Hostage 28 sat ridged as his wife lay motionless beside him. The fearsome man who had refused to be called anything but ‘Falcon’ had finally left the carriage; but he had stationed a guard whose gun slung heavily over his shoulder. 28 could see the muscles though his shirt and the cruel look upon his face. Age was beginning to show, however this only accentuated the wisdom. Not wisdom in the conventional sense, not the wisdom of the elderly, the comfortable, the ones who had only the experience of a daring life, but of pain, of suffering, of blood and murder and death.
Nobody else dared to look up from their hands but 28’s only emotion was rage. He and his wife were tourists from America; they had been on their way to marvel over the Tower of London when the train had been hijacked. He had now been sitting next to her cold dead body for the last hour, waiting for a chance to do something, anything.
He glanced in the direction of the guard once more, his mind furiously screaming, then leapt up out of his seat and propelled himself forwards. With no hesitation, the guard whipped the gun around until it fit snugly into his hand. 28 didn’t notice and wouldn’t have cared, all that was present in his mind was revenge. To work his way up through the ranks, until he came face to face with the man who had murdered his love. The guard pulled the trigger and 28 stopped short. The revenge of his wife’s death melted from his mind as he sunk towards the floor. The guard got to his knees and stared coldly into his eyes. This was the last image 28 was left with as he slipped slowly into the darkness.
The guard grunted in satisfaction. He was fascinated with watching life dissipate and often imagined seeing the soul fall into the grip of, what he assumed was the fiery furnace of hell.
He glanced up; he had been so involved in watching the breathing cease, he had not noticed the screams. He got to his feet and towered above the seated hostages. Glaring around he quieted all but a young boy, who continued to wail with all the air his small lungs could muster. Afraid the boy’s cries would call back ‘Falcon’; he grabbed him by the scruff of the neck and dragged the screaming toddler towards the next empty carriage.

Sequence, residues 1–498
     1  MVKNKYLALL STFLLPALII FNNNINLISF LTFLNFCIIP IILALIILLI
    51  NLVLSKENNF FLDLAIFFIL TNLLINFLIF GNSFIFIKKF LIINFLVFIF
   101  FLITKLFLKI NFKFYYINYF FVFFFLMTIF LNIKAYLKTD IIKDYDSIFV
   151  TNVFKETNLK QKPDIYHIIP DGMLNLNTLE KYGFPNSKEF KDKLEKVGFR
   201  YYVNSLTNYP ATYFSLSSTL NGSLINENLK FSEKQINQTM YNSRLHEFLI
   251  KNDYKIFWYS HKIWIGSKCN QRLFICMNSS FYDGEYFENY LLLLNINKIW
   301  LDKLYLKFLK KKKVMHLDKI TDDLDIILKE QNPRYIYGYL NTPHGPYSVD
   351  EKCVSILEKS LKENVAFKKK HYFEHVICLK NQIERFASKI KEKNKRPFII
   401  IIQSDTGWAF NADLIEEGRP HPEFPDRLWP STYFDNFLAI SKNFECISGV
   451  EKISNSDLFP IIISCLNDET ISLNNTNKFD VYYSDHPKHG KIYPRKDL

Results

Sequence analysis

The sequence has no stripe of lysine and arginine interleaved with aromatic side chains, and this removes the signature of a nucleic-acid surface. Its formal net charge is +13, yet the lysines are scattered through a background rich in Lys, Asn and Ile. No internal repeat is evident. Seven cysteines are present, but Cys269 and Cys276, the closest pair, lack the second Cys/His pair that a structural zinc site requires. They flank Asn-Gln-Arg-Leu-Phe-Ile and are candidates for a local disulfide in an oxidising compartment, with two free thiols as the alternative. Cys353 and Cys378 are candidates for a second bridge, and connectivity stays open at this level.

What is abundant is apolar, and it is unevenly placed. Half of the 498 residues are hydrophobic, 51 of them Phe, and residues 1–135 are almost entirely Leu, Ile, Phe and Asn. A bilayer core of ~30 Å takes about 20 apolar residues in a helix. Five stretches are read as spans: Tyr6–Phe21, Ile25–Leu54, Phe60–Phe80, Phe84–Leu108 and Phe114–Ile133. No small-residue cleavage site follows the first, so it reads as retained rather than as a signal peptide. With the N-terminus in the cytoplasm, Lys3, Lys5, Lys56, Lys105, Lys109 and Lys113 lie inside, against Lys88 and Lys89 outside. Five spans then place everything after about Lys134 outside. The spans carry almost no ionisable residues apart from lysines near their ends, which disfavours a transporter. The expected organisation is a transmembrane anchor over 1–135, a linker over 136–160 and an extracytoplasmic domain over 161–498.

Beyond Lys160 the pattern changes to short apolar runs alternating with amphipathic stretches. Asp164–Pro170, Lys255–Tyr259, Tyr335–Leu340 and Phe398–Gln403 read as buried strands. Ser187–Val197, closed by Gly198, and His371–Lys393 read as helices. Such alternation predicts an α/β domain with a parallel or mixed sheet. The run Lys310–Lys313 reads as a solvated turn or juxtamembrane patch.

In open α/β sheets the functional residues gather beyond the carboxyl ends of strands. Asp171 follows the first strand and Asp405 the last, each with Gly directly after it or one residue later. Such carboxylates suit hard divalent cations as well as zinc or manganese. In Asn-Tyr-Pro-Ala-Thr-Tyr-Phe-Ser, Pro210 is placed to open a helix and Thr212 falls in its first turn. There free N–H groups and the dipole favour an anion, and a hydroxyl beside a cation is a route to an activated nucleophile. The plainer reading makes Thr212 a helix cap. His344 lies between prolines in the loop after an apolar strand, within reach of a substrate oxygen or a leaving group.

The boy’s mother protested and tried to keep hold of her child. The guard turned and swung his thick arm into the woman’s mid-section; she buckled up and fell upon her knees before collapsing completely. He continued to drag the young boy towards the next carriage. He slid open the door, threw the boy inside and slid it closed again. Turning around, he noticed that the woman had failed to stand. He walked over fearing that he might need to report to ‘Falcon’ on the casualties. His stomach fluttered briefly when he felt no steady flow of blood in her pulse. Pulling his hand away he imagined it covered in blood, hot, sticky and fresh. He stood up, fearing his visit to first class; ‘Falcon’ would not approve.
He walked towards the front of the carriage and slid open the metal door separating the different compartments. He glanced back slightly, sending a non-verbal warning to the frightened passengers, daring them to move in his absence. He continued forward and slid the door closed behind him; striding through the empty section towards the door that separated first class from the lower population, he checked his demeanour and straightened his shirt. He entered first class and was immediately greeted by five others dressed as he was, holding sub-automatic machine guns. They fell aside as he walked through towards the man known only to him as “Falcon”. He approached the young leader, much younger than himself and about half as smart. Like all of the men he had recruited he was Asian, it seemed he found his own race the most trustworthy. ‘Falcon’ glanced up as the guard approached and a wave of anger washed over his squashed face. He barked something into his cell phone and placed it aside.
“I told you to stay with the hostages Vincent,” he stated, lowering his voice dangerously.
“I’m sorry sir, I have a report” The man who had recently been calling himself Vincent answered.
“Very well, go on”
“Hostages…,” he stopped and thought for a moment, “…28 and 31 have been killed”.
Falcon pulled a blood stained roll of paper from beside him and glanced down at the names on the list that had been collected at gunpoint.
“Thank you, return to your post now”
Vincent turned his back towards ‘Falcon’ and headed to the door.
The amount of relief he felt was remarkable. He had not been killed or even for that matter, punished.
There was a short quiet noise behind him and Vincent winced in anticipation before crashing to the floor. Holding his arm in pain he sat up slowly and took a deep breath, cursing his ability to think way too soon.
Falcon placed his silencer equipped revolver aside and looked down,
“Never leave your post again.” He said as he picked up his phone, he placed one hand over the mouthpiece “And next time, address me as ‘Falcon’”.